Okay, let’s talk about leather. Full-grain leather, top-grain leather, nubuck leather, leather splits, bonded leather, bycast leather, renew leather, leather match, leather touch, Durablend leather, faux leather, and probably more, but that’s all we can think of at the moment.
Whew! When you’re thinking of buying a leather sofa, loveseat, chair, sectional, or even an ottoman, you’d probably like to know exactly what you’re getting. So let’s take them one by one. Note we’re only talking about leather that comes from cattle, because that’s the kind used in 99% of leather furniture.
Full-grain leather is generally regarded as the best kind and “cut” of leather. It’s the outside surface, the one hair grows on, and the one that is exposed to the elements, so it always has imperfections – from insects, barbed wire, or just the ravages of nature. It’s largely untreated, and highly susceptible to marks, stains, and scratches, so you don’t see much of it used on furniture.
Top-grain leather is full-grain leather that has been split (see below), sanded, and to which a finish coat of some sort has been applied. This finish coat dramatically increases its resistance to marks, stains, and scratches. Nubuck leather is very similar, but the sanding process is done to leave a short nap, giving it a velvety feel.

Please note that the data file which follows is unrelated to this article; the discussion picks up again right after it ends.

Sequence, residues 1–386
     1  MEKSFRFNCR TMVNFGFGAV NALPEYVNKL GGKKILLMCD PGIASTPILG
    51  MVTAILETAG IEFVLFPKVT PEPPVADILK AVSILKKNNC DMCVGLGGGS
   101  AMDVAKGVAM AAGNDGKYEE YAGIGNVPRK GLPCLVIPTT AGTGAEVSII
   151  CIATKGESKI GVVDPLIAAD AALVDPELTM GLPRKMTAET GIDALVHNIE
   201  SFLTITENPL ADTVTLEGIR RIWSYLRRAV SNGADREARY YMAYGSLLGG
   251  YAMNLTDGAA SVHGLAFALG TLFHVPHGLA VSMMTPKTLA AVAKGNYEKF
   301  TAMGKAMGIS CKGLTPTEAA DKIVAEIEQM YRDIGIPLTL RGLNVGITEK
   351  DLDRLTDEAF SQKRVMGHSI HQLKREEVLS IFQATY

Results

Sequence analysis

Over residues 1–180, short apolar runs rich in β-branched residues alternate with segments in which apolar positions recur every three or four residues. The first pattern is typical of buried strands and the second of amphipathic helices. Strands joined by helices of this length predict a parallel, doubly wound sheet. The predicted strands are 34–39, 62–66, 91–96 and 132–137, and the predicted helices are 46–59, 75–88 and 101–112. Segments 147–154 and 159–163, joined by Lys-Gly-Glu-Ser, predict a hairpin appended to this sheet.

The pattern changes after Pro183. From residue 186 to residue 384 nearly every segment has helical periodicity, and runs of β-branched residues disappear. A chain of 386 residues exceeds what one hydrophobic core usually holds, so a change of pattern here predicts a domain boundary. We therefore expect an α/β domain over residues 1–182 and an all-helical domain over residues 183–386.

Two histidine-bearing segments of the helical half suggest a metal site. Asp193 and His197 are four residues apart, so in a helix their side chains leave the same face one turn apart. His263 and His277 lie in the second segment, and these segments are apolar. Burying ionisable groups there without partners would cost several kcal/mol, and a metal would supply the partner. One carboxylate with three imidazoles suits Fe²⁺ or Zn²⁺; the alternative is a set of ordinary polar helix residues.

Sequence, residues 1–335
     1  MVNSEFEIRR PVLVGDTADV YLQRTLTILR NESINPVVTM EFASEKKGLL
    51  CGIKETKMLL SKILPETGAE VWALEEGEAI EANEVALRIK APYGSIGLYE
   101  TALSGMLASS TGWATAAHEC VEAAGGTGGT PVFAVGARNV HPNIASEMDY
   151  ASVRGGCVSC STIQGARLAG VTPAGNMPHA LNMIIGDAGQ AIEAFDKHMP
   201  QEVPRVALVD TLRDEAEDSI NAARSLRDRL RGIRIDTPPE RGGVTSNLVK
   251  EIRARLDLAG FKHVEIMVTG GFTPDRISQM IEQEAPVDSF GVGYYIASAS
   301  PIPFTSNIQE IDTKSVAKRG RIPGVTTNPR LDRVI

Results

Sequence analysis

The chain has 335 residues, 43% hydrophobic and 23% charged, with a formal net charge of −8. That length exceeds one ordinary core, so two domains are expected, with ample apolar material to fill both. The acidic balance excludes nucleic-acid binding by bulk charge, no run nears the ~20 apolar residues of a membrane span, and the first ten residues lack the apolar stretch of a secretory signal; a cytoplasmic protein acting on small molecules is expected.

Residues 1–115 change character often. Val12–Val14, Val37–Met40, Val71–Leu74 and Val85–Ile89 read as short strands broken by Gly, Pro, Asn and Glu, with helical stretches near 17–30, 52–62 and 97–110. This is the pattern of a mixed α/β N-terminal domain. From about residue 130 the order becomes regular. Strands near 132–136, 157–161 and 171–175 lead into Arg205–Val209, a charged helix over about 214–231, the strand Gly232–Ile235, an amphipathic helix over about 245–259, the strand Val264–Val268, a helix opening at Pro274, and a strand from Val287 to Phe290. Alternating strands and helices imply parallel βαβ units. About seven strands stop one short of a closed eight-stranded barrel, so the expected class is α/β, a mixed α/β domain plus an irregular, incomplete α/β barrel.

In its original form, leather is too thick and stiff to use in furniture, or in most other products. So it is sliced into two parts: the top part is top-grain leather, the bottom part is called a “split.” Splits are commonly used in all kinds of furniture manufacture, and it is what suede leather is made from.
Splits can be coated with polyurethane and embossed with a grain, resulting in what is called bycast leather.
Bonded leather (also called Renew or recycled leather) is made from a mixture of ground-up leather scraps (that would otherwise be thrown away), vinyl, and polyurethane. It’s then coated and embossed to give it the appearance of top-grain leather. It does have several advantages, being much more eco-friendly, with no defects, excellent durability, and a surface that wipes clean.
Leather Match, Leather Touch, and Durablend furniture all have one thing in common: they are leather in the parts you touch or that touch you – meaning mostly the back, seat, and arms – and carefully matched vinyl or polyurethane everywhere else. The result looks like it’s all leather, but is considerably less expensive.
Faux leather is simply vinyl/polyurethane that’s been treated to look and feel like leather.
With today’s technology, you could examine chairs or sofas with any of these coverings and have a hard time telling which is “real” leather and which is not. To be sure, ask your sales associate. Which is right for you? That depends on the use it’s going to get. Whether you have kids. Whether you have pets. The room it’s going into. How long you plan on keeping it. How much you can afford to spend. Ultimately, if it looks good and feels right to you, what it’s made of might not be all that important. Your sales associate can help, as can our professional design team. The service is free; all you need to do is ask.